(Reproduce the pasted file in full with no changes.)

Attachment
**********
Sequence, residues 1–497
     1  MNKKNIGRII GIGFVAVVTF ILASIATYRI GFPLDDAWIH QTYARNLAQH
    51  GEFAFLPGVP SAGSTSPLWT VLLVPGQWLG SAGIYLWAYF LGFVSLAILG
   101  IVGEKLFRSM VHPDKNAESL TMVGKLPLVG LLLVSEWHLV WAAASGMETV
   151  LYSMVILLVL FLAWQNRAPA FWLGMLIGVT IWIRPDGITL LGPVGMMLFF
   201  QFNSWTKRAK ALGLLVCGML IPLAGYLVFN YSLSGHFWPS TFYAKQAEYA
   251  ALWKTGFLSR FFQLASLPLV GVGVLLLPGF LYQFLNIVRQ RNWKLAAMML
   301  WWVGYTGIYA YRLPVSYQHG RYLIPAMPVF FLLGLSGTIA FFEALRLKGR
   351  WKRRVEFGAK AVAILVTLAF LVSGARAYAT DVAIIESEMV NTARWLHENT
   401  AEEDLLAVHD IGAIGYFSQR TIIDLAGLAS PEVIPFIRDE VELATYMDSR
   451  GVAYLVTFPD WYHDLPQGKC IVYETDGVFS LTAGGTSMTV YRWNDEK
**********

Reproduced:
Sequence, residues 1–497
     1  MNKKNIGRII GIGFVAVVTF ILASIATYRI GFPLDDAWIH QTYARNLAQH
    51  GEFAFLPGVP SAGSTSPLWT VLLVPGQWLG SAGIYLWAYF LGFVSLAILG
   101  IVGEKLFRSM VHPDKNAESL TMVGKLPLVG LLLVSEWHLV WAAASGMETV
   151  LYSMVILLVL FLAWQNRAPA FWLGMLIGVT IWIRPDGITL LGPVGMMLFF
   201  QFNSWTKRAK ALGLLVCGML IPLAGYLVFN YSLSGHFWPS TFYAKQAEYA
   251  ALWKTGFLSR FFQLASLPLV GVGVLLLPGF LYQFLNIVRQ RNWKLAAMML
   301  WWVGYTGIYA YRLPVSYQHG RYLIPAMPVF FLLGLSGTIA FFEALRLKGR
   351  WKRRVEFGAK AVAILVTLAF LVSGARAYAT DVAIIESEMV NTARWLHENT
   401  AEEDLLAVHD IGAIGYFSQR TIIDLAGLAS PEVIPFIRDE VELATYMDSR
   451  GVAYLVTFPD WYHDLPQGKC IVYETDGVFS LTAGGTSMTV YRWNDEK